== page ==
WASHINGTON (Reuters) - A mounting wave of protests demanding police reform after the killing of a black man in Minneapolis swept across the United States on Sunday, building on the momentum of huge demonstrations across the country the day before.
In response, a majority of city council members in Minneapolis pledged to abolish the police department, though how they would navigate that long, complex undertaking was not yet known.
In some of the largest protests yet seen across the United States, a near-festive tone prevailed over the weekend. Most unfolded with no major violence, in sharp contrast to heated clashes between marchers and police in previous days.
The outpouring of protests followed the May 25 killing of George Floyd, a 46-year-old black man who died after being pinned by the neck for nine minutes by a white officer’s knee. A bystander’s cellphone captured the scene as Floyd pleaded with the officer, choking out the words “I can’t breathe.”
“I have cops in my family, I do believe in a police presence,” said Nikky Williams, a black Air Force veteran who marched in Washington on Sunday. “But I do think that reform has got to happen.”
The change in the tenor of the demonstrations this weekend may reflect a sense that the demands of protesters for sweeping police reform were resonating in many strata of American society.
Nine members of the 13-person Minneapolis City Council pledged on Sunday to do away with the police department in favor of a community-led safety model, a step that would have seemed unthinkable just two weeks ago.
“A veto-proof majority of the MPLS City Council just publicly agreed that the Minneapolis Police Department is not reformable and that we’re going to end the current policing system,” Alondra Cano, a member of the Minneapolis council, said on Twitter.
Minneapolis City Council president Lisa Bender told CNN “the idea of having no police department is certainly not in the short term.”
In New York, Mayor Bill de Blasio announced a series of reforms he said were designed to build trust between city residents and the police department.
De Blasio told reporters he would shift an unspecified amount of money out of the police budget and reallocate it to youth and social services in communities of color.
He said he would also take enforcement of rules on street vending out of the hands of police, who have been accused of using the regulations to harass minority communities.
Curfews were removed in New York and other major cities including Philadelphia and Chicago.
In the nation’s capital, a large and diverse gathering of protesters packed streets near the White House, chanting “This is what democracy looks like!” and “I can’t breathe.”
A newly erected fence around the White House was decorated by protesters with signs, including some that read: “Black Lives Matter” and “No Justice, No Peace.”
Republican Senator Mitt Romney marched alongside evangelical Christians in Washington on Sunday, telling the Washington Post that he wanted to find “a way to end violence and brutality, and to make sure that people understand that black lives matter.”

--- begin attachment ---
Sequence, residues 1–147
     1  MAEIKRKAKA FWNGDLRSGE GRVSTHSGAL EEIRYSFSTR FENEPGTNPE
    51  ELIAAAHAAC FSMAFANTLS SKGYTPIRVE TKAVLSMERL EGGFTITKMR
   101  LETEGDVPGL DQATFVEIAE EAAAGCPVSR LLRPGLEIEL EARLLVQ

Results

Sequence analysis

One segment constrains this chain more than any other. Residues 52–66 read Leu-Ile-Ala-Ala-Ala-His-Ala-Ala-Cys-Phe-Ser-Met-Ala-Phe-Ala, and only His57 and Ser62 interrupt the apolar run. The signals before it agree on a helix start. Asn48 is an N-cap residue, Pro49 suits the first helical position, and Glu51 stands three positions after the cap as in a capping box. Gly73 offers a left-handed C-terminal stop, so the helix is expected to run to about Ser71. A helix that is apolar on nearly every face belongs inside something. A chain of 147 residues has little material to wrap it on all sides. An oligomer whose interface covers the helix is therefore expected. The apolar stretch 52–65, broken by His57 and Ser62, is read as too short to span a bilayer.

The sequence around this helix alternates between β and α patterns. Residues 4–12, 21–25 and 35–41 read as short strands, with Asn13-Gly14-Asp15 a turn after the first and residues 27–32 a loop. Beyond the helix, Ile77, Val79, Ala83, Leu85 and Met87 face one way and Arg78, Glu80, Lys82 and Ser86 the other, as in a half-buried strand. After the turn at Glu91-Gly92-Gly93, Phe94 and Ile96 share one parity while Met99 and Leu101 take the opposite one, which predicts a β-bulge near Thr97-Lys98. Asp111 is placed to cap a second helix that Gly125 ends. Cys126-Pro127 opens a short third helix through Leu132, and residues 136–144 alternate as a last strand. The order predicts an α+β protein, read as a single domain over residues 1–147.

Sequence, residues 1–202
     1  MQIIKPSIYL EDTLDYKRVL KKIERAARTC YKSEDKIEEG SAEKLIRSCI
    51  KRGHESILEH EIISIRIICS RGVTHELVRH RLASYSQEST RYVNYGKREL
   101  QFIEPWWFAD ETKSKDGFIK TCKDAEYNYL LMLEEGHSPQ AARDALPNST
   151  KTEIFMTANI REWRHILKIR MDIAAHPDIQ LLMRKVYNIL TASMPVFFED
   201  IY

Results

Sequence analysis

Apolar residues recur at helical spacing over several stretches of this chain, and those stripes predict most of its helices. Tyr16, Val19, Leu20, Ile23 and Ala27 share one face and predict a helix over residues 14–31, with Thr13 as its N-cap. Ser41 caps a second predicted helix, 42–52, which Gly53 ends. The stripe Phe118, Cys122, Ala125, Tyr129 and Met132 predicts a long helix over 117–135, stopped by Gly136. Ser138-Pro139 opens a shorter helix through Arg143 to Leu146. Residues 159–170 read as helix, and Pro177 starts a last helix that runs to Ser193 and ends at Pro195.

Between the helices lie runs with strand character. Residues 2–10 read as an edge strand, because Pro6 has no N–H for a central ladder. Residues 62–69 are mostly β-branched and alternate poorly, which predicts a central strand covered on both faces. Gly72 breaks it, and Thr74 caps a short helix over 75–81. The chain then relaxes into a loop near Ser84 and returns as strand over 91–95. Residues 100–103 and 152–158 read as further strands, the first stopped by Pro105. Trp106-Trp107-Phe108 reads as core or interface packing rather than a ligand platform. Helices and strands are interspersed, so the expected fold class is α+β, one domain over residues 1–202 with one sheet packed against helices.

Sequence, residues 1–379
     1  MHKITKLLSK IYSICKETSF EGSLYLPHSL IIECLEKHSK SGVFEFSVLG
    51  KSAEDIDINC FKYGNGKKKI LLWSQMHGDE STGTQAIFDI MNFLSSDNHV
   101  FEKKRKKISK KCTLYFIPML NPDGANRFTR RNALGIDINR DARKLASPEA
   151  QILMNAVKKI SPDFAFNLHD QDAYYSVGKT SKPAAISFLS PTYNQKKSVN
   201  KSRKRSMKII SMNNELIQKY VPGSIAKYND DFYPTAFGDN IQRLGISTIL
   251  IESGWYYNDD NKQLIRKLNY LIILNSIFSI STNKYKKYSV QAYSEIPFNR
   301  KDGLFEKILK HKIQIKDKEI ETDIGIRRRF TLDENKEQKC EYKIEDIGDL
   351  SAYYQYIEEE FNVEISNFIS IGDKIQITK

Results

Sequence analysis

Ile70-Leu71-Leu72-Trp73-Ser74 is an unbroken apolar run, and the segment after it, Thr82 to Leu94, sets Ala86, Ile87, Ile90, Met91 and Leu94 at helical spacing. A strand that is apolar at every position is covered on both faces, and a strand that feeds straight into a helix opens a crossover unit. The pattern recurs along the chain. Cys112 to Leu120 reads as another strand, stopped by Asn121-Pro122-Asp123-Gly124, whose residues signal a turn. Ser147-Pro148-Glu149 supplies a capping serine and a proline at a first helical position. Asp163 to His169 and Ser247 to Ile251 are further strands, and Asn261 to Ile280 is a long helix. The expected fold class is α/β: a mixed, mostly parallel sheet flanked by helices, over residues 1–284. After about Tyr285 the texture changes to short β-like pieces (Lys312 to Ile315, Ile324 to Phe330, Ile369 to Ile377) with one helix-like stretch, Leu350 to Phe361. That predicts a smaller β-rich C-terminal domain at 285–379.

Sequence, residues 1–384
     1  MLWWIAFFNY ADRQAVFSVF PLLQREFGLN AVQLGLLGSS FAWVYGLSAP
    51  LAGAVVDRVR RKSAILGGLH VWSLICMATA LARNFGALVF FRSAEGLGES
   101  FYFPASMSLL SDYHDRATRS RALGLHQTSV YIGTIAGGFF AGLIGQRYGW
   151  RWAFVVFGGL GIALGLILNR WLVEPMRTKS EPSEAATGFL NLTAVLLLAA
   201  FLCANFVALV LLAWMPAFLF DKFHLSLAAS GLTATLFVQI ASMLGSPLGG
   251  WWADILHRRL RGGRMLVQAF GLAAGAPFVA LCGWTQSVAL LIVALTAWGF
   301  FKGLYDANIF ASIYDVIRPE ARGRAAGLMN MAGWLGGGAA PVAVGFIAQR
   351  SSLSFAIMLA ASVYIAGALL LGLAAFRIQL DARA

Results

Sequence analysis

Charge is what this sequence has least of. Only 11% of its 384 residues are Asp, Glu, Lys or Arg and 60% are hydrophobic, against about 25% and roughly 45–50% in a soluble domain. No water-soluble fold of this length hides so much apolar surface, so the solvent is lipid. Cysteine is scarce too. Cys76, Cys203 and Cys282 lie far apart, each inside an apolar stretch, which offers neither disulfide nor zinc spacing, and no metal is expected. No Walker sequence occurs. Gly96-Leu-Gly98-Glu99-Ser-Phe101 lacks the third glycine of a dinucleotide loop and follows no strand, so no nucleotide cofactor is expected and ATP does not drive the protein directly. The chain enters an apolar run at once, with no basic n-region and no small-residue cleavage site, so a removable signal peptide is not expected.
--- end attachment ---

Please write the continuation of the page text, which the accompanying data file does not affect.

A common theme of weekend rallies was a determination to transform outrage over Floyd’s death last month into a broader movement seeking far-reaching reforms to the U.S. criminal justice system and its treatment of minorities.
The intensity of protests over the past week began to ebb on Wednesday after prosecutors in Minneapolis arrested all four police officers implicated in Floyd’s death. Derek Chauvin, the officer who kneed Floyd, was charged with second-degree murder.
Still, anger in Minneapolis remained intense. The city’s mayor ran a gauntlet of jeering protesters on Saturday after telling them he opposed their demands for defunding the city police department.
The renewed calls for racial equality are breaking out across the country as the United States reopens after weeks of unprecedented lockdowns for the coronavirus pandemic and just five months before the Nov. 3 presidential election.
U.S. Democrats have largely embraced the activists packing into streets to decry the killings of black men and women by law enforcement, but have so far expressed wariness at protesters’ calls to defund the police.
Former U.S. President Barack Obama said in an YouTube commencement address for 2020 graduates that the protests roiling America right now “speak to decades of inaction over unequal treatment and a failure to reform police practices in the broader criminal justice system.”
Reporting by Sharon Bernstein in Sacramento, California; Andrea Shalal, Daphne Psaledakis in Washington, and Jonathan Allen and Sinead Carew in New York, and Brad Brooks in Austin, Texas; Writing by Brad Brooks; Editing by Frank McGurty, Peter Cooney and Lincoln Feast
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